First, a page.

7 books about identity, race by Asian authors for children

For too long, we’ve seen a lack of equitable representation in mainstream media. Not to mention the lack of children’s books by Asian authors.

Most adults are aware of the lack of diversity and can seek out new voices and perspectives. But few are more impacted by the absence of Asian media representation more acutely than children and youth.

At a young age, seeing no reflection of yourself on television, in movies or in books can take a toll. It can affect how children see the world and how they see other ethnic-racial groups. Even how they see themselves. 

Thankfully movies and tv shows like Shang-Chi, Moana, and Never Have I Ever added much needed voices to children’s programming.

However, there are many ways to hear about Asian stories off screen as well. Take these children’s books written by Asian authors.

This list of seven children’s and youth books celebrate the Asian North American experience. Touching ideas of cultural and body acceptance, each book explores the feelings and complexity of North American Asian diaspora in one way or another.

I Am Golden by Eva Chen

Photo Credit: Amazon.com

Asian American youth experience lower self-esteem over other ethnic racial groups in the U.S. It’s a troubling trend that best-selling and Chinese American author Eva Chen seeks to fight with I Am Golden. 

This artfully illustrated picture book — to be published in February — tells a story of self-love, encouraging children to embrace their differences as strengths.

Inside Out & Back Again by Thanhhà Lai

Photo Credit: Amazon.com

This multiple award-winning novel tells a poignant, coming-of-age story of a young girl and her family fleeing Saigon during the Vietnam War. 

Based on the personal experiences of author Thanhhà Lai, the novel delves deeply into the diaspora, pain, fear, and eventual healing that many Asian immigrants face when their families emigrate to North America. Youth preparing or struggling with change can find comfort in this funny but kind novel.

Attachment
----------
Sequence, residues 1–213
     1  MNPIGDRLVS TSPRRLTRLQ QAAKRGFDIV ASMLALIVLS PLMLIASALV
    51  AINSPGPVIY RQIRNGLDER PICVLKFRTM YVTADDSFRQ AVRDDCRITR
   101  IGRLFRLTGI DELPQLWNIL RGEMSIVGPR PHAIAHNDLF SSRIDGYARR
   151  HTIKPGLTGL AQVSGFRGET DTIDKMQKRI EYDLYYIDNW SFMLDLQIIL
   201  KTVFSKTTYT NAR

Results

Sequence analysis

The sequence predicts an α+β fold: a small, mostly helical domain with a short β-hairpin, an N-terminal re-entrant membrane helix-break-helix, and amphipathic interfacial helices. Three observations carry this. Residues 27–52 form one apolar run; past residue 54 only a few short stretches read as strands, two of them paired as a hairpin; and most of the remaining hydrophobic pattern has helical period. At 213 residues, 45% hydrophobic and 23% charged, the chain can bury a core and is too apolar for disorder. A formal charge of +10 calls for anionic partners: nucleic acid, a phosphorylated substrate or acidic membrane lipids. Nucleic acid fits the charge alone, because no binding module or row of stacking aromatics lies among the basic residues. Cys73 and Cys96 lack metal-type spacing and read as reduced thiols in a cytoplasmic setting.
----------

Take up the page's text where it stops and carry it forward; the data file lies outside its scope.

The Name Jar by Yangsook Choi

Photo Credit: Amazon.com

Immigrating to a new place is difficult enough. But having a Korean name that stands out can lead to complex feelings around acceptance and belonging. Parents and children alike can relate to the anxiety over whether your name will set you apart in the worst way. Whether it means being ostracized.

In the world of children’s books written by Asian authors, This sweet picture book will be a comfort for children starting at a new school or in a new setting. The lessons served in this illustrated tale touch on acceptance and love — both for others and one’s self.

Pashmina by Nidhi Chanani

Photo Credit: Amazon.com

Asians who have been in North America since birth or since early childhood sometimes struggle with connecting with their heritage, particularly if their parents were unwilling to talk about their homeland.

In this award-winning graphic novel by Indian American Ndihi Chanani, a young girl takes on a journey of self-discovery, learning to straddle two cultures and two worlds as she explores her family’s history. 

The Big Bath House by Kyo Maclear

Photo Credit: Amazon.com

Body image and beauty standards can be contentious topics in Asian cultures. Beauty ideals can be quite limited, and research shows that Asian American women have higher rates of disordered eating than other women of colour.

This lovely picture book aims to counteract those trends. Through a story about a young girl who visits a bath house with her family, this book celebrates Japanese cultural traditions and body positivity.

Eyes That Kiss in the Corners by Joanna Ho

Photo Credit: Amazon.com

There is a long history of Asians in North America being singled out for our eye shape. Some even turn to eyelid tape or surgery to change this appearance and achieve a European look.

This lyrical picture book tells a story of self-acceptance and self-love, while celebrating heritage, culture and family.

Last Gamer Standing by Katie Zhao

Photo Credit: Amazon.com

Anyone who’s ever watched a Twitch stream can tell you how toxic the gaming community can be — especially to women and people of colour. This novel explores gaming culture from the perspective of a young Chinese-American girl gamer who faces these issues head on. 

This novel serves as both a cautionary tale for those who game as well as an uplifting message about chasing your dreams.

Featured photo credit: Jerry Wang

Making Asian American media

We believe that our stories matter – and we hope you do too. Support us with a monthly contribution to help ensure stories for us and by us are here to stay.

accessible

The future of Cold Tea Collective depends on you.

People chatting at the Making It documentary screening.
Cold Tea Collective's Story Natasha

We’re working to become a community-powered publication that runs on reader support. Keep stories by us for us possible.

This site uses cookies to provide you with a great user experience. By continuing to use this website, you consent to the use of cookies in accordance with our privacy policy.

Scroll to Top